Tchaikovsky, abnormally sensitive and diffident, and tormentedby his own homosexuality that seemed to isolate him from the society of the time, hadalready made a considerable impression as a composer, when an unwise, face-saving marriagein 1877 brought complete nervous collapse and immediate separation from his new wife. In1878 he was able to resign from the Conservatory, thanks to the assistance of a richwidow, Nadezhda von Meck, whom he was never to meet but who offered him both financial andmoral support. After the St Petersburg performance of his Sixth Symphony, Tchaikovsky died, it is thought byhis own hand, compelled to this step by a court of honour of his fellows from the Schoolof Jurisprudence, after threats of exposure and scandal resulting from a liaison with ayoung nobleman. His death was widely mourned both in Russia and abroad, where his musichad won considerable favour.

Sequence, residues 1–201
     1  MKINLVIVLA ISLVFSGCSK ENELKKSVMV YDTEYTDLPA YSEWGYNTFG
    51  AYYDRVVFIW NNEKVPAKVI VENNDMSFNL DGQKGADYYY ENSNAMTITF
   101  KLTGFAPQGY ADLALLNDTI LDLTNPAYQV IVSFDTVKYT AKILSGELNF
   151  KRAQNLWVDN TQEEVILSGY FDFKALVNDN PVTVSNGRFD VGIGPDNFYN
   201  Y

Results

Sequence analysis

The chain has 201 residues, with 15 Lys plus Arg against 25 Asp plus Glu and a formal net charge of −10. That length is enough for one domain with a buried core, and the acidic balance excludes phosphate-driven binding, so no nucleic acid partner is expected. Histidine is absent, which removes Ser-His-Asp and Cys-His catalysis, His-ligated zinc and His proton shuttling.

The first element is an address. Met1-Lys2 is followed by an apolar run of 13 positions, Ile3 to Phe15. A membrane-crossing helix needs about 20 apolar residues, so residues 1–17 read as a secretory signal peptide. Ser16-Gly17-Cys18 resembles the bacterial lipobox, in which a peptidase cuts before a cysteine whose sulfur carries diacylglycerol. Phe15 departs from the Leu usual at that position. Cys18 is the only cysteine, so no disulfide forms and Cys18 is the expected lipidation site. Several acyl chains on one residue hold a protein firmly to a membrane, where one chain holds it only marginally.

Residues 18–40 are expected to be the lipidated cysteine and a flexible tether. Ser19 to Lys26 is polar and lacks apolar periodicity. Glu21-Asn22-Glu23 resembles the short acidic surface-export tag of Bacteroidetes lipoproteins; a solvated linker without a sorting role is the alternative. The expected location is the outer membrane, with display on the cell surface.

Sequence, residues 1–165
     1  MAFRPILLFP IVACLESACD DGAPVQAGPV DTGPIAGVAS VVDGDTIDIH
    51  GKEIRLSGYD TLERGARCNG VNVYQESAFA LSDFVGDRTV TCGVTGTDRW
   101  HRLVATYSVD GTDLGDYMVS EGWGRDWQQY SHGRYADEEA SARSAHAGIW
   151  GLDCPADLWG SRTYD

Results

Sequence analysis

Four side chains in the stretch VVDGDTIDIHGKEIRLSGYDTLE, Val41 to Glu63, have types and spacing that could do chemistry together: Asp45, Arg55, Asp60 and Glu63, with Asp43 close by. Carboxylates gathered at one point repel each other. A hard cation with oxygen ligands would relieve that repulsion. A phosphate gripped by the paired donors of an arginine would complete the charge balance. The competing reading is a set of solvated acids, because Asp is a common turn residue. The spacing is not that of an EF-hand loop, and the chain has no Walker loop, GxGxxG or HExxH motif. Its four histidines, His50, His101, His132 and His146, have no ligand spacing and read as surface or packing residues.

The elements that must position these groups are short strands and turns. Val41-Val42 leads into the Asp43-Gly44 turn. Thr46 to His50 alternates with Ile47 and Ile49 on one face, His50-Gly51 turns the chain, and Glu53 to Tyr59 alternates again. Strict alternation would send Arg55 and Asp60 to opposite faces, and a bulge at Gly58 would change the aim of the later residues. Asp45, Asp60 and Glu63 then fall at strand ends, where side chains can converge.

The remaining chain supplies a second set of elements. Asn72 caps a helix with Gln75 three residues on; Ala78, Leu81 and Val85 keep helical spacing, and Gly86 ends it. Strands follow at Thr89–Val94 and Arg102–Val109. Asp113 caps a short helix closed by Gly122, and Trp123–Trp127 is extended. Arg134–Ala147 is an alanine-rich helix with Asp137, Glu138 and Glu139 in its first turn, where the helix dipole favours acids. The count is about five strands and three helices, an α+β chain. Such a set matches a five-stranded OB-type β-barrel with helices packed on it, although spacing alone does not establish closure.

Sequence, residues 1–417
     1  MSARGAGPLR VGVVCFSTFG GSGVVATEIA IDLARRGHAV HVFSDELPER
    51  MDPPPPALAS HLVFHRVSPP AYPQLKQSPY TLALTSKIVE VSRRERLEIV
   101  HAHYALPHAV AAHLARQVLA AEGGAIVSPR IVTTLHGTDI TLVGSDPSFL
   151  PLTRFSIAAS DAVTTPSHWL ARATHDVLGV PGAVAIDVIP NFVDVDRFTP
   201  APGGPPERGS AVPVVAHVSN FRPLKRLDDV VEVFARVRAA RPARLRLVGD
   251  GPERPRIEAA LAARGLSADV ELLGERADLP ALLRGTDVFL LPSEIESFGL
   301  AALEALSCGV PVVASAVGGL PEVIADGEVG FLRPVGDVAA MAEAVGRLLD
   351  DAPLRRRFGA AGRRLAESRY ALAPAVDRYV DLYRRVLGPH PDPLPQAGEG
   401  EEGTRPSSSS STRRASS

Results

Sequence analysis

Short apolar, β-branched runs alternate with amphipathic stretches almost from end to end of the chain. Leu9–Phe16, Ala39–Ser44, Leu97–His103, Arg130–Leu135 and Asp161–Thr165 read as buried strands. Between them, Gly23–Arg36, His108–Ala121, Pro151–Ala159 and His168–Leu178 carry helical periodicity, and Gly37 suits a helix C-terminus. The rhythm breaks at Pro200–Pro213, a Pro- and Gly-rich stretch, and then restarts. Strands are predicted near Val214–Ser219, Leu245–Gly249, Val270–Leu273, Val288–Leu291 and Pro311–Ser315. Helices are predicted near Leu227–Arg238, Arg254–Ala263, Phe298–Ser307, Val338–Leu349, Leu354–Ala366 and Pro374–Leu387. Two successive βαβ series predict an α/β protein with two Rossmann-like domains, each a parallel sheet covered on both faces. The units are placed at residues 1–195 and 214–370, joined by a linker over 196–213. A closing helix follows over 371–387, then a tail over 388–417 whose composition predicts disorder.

Tchaikovsky's compositions include three full-length ballets, Swan Lake, The Sleeping Beautyand The Nutcracker. The first of these had its earlyorigin in a home entertainment devised for the children of his sister Sasha, who hadsettled at Kamenka in the Ukraine. The adult ballet was completed in 1876 in response to acommission from the Imperial Theatre Directorate in Moscow and was first performed at theBolshoy Theatre there in March, 1876, with choreography by the Austrian, Wenzel Reisinger.

The work was unfavourably received, its music seeming unusually substantial for theoccasion, and the production inept. The ballet was to win success after the composersdeath, when it was mounted at the Maryinsky in St Petersburg in 1895, with choreography byIvanov and Marius Petipa. The score served to re-establish the importance of music inballet, after years in which it had been generally neglected in favour of the activity onstage.